Much of what I often see seems so fanciful as to be imaginary, but unfortunately it is not. This last week I received a call from a family seeking to probate an estate. The family member had died intestate meaning that he died without a will. In intestacy state law governs the distribution of the probate estate. In this case the decedent had left a letter indicating how he wanted some of his property disposed of, but, under current law, it will be a tough fight to have a court accept the letter as a holographic will. The bad news is that the relative wanted his sister to receive the bulk of his estate; however, he has a son to whom the law will now look. The decedent and his son were estranged and the son now will potentially receive the proceeds of his father’s estate even though the two had not spoken in years.
Sure, I can attempt to have the letter admitted as a will, but I cannot guarantee success. Moreover, the estate is relatively modest, so it possible that any proceeds would be consumed by legal fees. The bottom line is that what the family member wanted is not what will likely happen. The decedent had toyed with making a will but had never done so. I imagine if he were still here and could see the consequences he would rue the effects of his failure.
I understand that not everyone needs extensive estate planning, but there are some things that everyone should have. Everyone should at least have a power of attorney designating some trusted person to act as their agent. Everyone should think about end of life decisions and document their wishes. I could go on but I think I have made my point.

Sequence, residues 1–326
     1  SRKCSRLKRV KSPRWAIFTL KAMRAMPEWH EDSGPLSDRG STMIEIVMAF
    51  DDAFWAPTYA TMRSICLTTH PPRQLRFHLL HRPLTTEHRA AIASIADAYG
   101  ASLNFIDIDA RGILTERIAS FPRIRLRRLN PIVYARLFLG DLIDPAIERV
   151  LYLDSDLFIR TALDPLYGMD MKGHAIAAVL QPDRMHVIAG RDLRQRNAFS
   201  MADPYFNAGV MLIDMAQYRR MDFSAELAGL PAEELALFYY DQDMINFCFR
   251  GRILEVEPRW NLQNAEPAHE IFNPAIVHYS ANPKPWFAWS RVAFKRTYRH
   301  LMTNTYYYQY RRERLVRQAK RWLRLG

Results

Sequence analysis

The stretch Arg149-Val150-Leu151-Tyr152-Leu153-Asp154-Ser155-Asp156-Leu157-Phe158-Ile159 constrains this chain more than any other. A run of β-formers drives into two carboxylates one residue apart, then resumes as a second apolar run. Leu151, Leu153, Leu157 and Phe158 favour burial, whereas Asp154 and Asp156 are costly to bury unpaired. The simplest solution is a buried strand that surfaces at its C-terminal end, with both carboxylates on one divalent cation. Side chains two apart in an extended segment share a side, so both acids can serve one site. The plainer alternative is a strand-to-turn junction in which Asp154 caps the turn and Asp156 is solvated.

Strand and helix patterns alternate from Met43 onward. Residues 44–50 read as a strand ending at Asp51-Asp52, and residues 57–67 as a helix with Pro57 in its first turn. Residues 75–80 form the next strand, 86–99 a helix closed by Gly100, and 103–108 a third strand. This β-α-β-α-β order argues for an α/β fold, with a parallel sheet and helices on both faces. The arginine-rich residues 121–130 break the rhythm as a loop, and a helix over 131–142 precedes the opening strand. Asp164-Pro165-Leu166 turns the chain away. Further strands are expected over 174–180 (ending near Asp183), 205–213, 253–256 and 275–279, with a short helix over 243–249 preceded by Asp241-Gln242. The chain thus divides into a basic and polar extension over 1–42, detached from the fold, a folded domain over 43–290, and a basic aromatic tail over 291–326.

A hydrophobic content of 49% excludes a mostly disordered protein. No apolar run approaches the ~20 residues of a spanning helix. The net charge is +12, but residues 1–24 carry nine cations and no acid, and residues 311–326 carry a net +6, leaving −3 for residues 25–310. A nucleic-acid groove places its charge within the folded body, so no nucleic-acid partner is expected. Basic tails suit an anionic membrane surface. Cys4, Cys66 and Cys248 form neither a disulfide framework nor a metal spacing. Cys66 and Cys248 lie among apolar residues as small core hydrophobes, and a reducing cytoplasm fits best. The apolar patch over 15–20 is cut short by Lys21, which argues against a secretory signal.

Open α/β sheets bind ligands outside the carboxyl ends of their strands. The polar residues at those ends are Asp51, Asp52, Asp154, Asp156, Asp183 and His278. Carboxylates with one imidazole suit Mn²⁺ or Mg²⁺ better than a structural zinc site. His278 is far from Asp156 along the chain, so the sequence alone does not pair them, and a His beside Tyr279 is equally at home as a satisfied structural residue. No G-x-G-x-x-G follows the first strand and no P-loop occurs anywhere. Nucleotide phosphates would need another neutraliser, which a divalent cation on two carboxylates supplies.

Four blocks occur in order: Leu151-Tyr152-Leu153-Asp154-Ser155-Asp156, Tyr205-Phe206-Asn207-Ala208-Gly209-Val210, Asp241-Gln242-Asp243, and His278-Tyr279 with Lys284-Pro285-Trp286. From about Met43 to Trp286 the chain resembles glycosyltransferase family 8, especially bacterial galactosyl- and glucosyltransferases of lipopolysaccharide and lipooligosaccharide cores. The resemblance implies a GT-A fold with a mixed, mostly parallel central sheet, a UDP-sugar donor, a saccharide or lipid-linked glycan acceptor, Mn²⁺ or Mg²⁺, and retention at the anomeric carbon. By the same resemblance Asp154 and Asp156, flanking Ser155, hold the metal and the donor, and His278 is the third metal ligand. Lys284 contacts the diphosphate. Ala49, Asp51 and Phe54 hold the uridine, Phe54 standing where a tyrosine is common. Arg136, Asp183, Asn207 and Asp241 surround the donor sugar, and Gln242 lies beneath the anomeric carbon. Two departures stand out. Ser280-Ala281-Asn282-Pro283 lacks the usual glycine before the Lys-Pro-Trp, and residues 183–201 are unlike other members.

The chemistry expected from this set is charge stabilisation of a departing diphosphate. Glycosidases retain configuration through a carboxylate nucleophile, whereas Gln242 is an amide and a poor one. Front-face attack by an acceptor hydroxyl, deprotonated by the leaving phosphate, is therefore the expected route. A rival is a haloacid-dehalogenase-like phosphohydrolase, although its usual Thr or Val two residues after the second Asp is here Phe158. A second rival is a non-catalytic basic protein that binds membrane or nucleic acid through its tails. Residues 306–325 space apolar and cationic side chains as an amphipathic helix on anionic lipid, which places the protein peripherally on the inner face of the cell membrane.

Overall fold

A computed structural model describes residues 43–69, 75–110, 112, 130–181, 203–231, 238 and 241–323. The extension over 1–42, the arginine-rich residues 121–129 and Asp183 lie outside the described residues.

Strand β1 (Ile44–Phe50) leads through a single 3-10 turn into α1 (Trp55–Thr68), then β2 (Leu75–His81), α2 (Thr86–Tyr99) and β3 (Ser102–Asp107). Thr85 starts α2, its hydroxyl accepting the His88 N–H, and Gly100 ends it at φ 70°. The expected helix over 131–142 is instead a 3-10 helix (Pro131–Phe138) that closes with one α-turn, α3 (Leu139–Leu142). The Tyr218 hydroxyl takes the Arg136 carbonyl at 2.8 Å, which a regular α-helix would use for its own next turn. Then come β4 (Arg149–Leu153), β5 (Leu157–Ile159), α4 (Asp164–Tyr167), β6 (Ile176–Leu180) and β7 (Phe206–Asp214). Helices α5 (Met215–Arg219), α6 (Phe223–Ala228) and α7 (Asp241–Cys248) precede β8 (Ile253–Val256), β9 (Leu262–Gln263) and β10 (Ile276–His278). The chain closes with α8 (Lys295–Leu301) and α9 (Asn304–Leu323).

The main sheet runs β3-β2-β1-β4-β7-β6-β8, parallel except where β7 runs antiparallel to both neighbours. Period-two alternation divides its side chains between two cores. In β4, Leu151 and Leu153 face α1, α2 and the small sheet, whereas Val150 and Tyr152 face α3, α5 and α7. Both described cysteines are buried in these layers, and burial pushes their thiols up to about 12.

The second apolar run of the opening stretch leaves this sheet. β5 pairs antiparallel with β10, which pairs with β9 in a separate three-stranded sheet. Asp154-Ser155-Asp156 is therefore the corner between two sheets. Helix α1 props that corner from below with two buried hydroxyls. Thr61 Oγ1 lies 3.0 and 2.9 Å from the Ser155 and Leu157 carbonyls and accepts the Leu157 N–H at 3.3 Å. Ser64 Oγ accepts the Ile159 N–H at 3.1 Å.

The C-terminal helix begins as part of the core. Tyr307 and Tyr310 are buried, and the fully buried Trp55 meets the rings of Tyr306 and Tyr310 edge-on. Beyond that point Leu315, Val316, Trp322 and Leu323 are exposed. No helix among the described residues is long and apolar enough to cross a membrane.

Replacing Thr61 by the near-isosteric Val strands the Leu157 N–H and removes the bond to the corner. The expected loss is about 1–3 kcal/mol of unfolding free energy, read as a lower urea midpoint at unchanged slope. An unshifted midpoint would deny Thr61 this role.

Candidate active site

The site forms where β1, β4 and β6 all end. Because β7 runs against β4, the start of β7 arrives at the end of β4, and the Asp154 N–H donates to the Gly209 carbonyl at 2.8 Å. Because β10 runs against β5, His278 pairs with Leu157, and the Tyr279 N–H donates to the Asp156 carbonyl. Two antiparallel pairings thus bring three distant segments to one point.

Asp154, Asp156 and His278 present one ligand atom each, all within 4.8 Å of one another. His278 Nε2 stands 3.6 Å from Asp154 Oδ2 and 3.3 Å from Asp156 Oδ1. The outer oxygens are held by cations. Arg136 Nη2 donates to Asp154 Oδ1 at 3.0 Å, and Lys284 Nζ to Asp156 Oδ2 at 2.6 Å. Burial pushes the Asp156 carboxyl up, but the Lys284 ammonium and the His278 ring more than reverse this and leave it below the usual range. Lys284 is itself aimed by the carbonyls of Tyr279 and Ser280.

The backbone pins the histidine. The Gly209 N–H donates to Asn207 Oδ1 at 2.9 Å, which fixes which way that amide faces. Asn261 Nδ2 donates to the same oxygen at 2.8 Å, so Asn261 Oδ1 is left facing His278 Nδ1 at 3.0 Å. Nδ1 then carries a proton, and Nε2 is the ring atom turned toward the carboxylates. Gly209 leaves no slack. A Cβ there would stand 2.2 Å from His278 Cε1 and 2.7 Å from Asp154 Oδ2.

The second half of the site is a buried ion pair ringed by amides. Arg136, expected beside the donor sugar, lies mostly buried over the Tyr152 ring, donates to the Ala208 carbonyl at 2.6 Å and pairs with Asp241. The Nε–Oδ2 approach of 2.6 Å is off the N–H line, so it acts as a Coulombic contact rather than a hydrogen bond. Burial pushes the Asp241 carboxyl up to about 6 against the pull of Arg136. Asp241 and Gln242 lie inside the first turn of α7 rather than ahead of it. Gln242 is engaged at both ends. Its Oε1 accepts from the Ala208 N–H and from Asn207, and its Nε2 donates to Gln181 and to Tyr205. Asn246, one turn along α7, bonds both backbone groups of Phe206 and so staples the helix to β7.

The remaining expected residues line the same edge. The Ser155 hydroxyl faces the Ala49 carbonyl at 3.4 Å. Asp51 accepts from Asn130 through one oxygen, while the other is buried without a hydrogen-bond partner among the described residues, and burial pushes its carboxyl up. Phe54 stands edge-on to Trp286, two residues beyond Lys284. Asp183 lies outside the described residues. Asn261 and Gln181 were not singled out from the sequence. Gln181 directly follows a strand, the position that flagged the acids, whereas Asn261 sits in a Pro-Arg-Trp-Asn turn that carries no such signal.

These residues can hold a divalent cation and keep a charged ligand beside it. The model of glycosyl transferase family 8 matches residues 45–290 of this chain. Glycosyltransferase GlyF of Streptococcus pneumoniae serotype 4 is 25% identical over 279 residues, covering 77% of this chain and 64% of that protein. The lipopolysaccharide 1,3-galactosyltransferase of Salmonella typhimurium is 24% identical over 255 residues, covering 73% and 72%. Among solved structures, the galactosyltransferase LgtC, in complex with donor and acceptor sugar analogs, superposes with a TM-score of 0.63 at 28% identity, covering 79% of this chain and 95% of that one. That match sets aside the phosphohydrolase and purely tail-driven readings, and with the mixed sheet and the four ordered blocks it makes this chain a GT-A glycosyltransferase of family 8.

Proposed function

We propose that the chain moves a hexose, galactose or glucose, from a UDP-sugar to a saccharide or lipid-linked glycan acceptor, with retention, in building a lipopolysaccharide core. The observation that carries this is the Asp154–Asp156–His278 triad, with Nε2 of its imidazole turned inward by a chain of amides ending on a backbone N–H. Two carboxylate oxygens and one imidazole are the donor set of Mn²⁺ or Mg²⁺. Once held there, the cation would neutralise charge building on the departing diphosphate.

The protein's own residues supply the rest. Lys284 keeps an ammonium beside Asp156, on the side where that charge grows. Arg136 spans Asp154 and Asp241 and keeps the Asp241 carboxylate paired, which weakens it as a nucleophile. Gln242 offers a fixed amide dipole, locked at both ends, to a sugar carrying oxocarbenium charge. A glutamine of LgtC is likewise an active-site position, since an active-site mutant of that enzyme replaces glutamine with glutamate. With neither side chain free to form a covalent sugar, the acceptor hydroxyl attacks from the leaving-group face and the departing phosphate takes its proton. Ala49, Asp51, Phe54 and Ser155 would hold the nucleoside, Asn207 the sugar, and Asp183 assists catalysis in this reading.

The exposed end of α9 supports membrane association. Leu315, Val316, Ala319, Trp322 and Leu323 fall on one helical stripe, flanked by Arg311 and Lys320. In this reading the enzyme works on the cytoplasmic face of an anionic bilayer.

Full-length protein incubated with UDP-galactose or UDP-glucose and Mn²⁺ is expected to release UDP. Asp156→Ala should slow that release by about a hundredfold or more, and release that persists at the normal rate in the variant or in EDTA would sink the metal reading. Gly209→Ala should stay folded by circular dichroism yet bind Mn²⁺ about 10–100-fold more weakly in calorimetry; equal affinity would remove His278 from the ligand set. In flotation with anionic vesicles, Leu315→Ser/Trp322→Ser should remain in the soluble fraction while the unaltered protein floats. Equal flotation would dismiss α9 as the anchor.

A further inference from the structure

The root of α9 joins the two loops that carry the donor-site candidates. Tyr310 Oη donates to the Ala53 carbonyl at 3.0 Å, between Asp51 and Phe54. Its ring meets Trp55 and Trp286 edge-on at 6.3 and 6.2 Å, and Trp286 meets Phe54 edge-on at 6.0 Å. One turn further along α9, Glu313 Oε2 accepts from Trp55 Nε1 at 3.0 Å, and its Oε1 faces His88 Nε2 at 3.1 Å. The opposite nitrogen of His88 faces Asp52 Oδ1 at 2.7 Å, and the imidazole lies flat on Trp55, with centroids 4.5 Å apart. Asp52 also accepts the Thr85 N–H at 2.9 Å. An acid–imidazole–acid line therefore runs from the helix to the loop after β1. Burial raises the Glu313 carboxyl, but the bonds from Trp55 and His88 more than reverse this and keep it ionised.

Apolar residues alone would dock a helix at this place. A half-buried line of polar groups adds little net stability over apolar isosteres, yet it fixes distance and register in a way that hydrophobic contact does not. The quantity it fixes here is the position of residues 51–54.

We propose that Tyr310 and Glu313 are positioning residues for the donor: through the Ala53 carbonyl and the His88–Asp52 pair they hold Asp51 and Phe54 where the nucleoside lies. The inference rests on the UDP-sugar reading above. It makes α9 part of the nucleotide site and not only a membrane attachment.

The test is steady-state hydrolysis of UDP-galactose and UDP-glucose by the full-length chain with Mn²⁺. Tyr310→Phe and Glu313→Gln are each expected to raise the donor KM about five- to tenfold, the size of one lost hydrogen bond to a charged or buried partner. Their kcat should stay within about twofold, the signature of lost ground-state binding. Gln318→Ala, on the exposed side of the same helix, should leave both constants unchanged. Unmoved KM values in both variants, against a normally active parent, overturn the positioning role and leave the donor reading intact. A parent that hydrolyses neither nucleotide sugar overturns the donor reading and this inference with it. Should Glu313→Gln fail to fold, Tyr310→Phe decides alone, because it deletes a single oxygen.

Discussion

Talk to an attorney. Pay the consult fee and make an informed decision. Case in point: Daughter brought her father in to ask some questions about a quit-claim deed they had filed. Turns out that the real issue is that they were trying to prepare for the day when Dad would need Medicaid. I had to tell them they had created a gift problem – ouch.
The problem I see is that too many people rely on what they read on the Internet without realizing the source may be outdated or wrong. I saw the same thing when I taught literature at West Point; the cadets could not believe that the Internet might be wrong, but all too often it was and is.
There is a cost to ignorance. I have seen two examples this week alone, and today is Tuesday. The saying that an ounce of prevention is better than a pound of cure is all too true. Pay now or pay more later but understand that somewhere down the road a price will be paid for ignorance. We can prevent that; call to see if we can help you.